With its (relatively) nearby beaches, the Caribbean has been a go-to escape for American travelers desperate for R&R during the pandemic. But as with any overseas trip, navigating covid-era travel restrictions from island to island presents a challenge.
Unlike Mexico, which has no entry requirements for travelers, most Caribbean destinations require some testing or proof of vaccination to enter. No matter what’s required for getting away, all Americans flying home from abroad still have to follow U.S. protocol for reentry. All inbound international travelers must show proof of an approved negative coronavirus test taken within a day of their flight to the United States.
Below, By The Way breaks down the rules for five popular islands — including one Atlantic vacation spot just outside the Caribbean — and shares vaccination numbers pulled from The Washington Post’s data tracker, unless otherwise noted.
More than 500,000 travelers visited the Dominican Republic in January, and the country’s tourism minister is hoping to bring more than 7 million tourists to the country in 2022. More than 54 percent of the population has been vaccinated.
CDC travel warning: Level 4, indicating a “very high” risk of covid exposure
Entry requirements: There are no entry requirements for Americans to visit the Dominican Republic. An aleatory breath test — which can detect covid via “breath print” — is performed on some arriving passengers and anyone who displays symptoms. Visitors who can provide proof of vaccination or a negative coronavirus test taken within 72 hours are exempt from the random test.
Once you’re there: While you don’t need a vaccination card or a negative test to enter the D.R., visitors over 12 must carry their vaccination card with them, because some businesses — like bars, restaurants, gyms and shopping centers — outside of tourism complexes or resorts require proof of full vaccination or a PCR test taken within seven days to enter. Masks are required in indoor public places.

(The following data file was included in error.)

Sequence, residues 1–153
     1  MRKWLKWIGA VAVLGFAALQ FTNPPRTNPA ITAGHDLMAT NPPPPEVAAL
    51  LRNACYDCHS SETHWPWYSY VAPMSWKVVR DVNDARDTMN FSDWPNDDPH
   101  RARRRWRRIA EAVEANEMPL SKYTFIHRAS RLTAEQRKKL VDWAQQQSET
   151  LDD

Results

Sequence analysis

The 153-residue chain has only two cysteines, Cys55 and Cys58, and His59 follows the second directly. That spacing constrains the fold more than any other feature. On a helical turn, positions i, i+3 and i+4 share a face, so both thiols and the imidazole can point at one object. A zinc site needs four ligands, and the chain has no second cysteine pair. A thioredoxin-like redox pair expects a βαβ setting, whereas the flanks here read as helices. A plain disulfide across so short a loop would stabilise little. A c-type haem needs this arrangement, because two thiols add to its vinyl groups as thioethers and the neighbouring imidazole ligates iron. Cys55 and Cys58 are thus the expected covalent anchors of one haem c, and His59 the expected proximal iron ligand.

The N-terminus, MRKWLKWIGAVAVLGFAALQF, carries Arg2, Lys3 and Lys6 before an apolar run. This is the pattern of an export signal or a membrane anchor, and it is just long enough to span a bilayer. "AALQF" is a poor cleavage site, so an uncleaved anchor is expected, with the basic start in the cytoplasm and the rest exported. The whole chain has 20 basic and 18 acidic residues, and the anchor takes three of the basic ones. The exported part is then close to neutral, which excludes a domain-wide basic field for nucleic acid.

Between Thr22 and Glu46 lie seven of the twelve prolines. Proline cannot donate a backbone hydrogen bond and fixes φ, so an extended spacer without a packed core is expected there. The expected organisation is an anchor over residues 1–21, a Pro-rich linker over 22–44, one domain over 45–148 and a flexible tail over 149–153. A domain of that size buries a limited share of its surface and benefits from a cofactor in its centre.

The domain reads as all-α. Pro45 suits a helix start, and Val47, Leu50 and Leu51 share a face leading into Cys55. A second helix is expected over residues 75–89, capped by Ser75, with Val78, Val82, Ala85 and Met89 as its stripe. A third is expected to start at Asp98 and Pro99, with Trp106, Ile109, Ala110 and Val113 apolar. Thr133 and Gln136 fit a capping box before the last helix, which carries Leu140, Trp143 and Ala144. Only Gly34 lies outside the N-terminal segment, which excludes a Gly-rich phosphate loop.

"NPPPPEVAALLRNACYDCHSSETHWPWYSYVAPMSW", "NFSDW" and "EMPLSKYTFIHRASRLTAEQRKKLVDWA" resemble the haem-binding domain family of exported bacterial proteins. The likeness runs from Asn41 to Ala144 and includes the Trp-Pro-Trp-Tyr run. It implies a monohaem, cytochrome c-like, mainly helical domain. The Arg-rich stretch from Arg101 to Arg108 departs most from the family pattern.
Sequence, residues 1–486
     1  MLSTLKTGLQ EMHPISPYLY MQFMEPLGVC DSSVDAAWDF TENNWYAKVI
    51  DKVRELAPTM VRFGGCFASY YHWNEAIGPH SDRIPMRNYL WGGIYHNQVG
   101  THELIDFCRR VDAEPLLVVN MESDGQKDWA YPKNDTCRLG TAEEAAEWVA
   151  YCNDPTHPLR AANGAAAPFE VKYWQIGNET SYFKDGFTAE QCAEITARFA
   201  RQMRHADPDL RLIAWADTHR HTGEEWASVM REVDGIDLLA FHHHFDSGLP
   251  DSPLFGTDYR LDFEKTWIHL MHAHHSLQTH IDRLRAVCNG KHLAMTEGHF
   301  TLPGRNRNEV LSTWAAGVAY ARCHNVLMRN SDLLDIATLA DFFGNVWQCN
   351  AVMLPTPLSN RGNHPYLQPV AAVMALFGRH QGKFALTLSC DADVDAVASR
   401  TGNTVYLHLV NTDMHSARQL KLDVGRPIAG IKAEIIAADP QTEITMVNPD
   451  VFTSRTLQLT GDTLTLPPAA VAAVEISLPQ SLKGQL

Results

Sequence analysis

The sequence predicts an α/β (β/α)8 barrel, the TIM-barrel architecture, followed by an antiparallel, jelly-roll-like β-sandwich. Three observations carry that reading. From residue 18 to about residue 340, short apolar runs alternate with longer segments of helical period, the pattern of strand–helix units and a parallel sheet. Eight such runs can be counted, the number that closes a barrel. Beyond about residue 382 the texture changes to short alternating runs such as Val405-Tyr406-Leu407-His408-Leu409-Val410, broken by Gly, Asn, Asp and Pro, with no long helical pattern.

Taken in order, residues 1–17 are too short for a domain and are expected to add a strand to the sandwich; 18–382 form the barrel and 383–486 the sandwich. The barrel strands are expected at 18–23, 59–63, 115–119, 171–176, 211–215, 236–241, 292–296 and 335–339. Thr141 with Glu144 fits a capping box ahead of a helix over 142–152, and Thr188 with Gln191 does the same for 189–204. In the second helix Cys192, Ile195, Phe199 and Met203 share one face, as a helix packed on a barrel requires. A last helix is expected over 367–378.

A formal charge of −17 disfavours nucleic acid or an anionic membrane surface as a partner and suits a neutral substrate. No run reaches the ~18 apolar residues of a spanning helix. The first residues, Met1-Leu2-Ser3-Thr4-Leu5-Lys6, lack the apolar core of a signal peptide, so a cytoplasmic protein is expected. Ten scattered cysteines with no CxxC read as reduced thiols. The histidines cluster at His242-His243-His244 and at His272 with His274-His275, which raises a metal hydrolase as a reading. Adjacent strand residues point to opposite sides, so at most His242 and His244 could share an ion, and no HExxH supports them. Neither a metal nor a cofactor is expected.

CDC warning: Level 4
Entry requirements: All visitors at least 12 years old can either provide proof of vaccination and booster, or take a lab-certified rapid or PCR test before arriving in Aruba. Children under 12 are exempt from testing or vaccination requirements.
People who have recovered from the coronavirus between 10 days and 12 weeks ahead of their trip and do not have any symptoms are also exempt. Instead of uploading proof of vaccination or a negative test result, they must upload proof of their past positive result from the PCR test taken between 10 days and 12 weeks of their trip. An antigen or antibody test, among others, will not be accepted.
Once you’re there: Masks are mandatory in indoor public spaces, including the airport, and recommended in situations when social distancing is difficult. According to the Aruba tourism board website, there are curfews for businesses outside of hotel properties (1 a.m. for most establishments and 2 a.m. for casinos). Restaurants cannot seat more than 10 people per table (children under 12 excluded).
Behind Mexico’s Riviera Maya, Puerto Rico is the most booked Caribbean destination for American travelers in 2022, according to data from the flight booking site SkyScanner. The U.S. territory has roughly 79 percent of its population vaccinated.
CDC warning: N/A for U.S. territories
Entry requirements: Fully vaccinated travelers no longer have to present a negative coronavirus test to visit, as of Feb. 2. They must upload proof of vaccination through the country’s travel declaration form portal. Unvaccinated travelers must provide a negative test result to bypass a seven-day quarantine. Alternatively, they can test within 48 hours of arrival and quarantine while waiting for the results.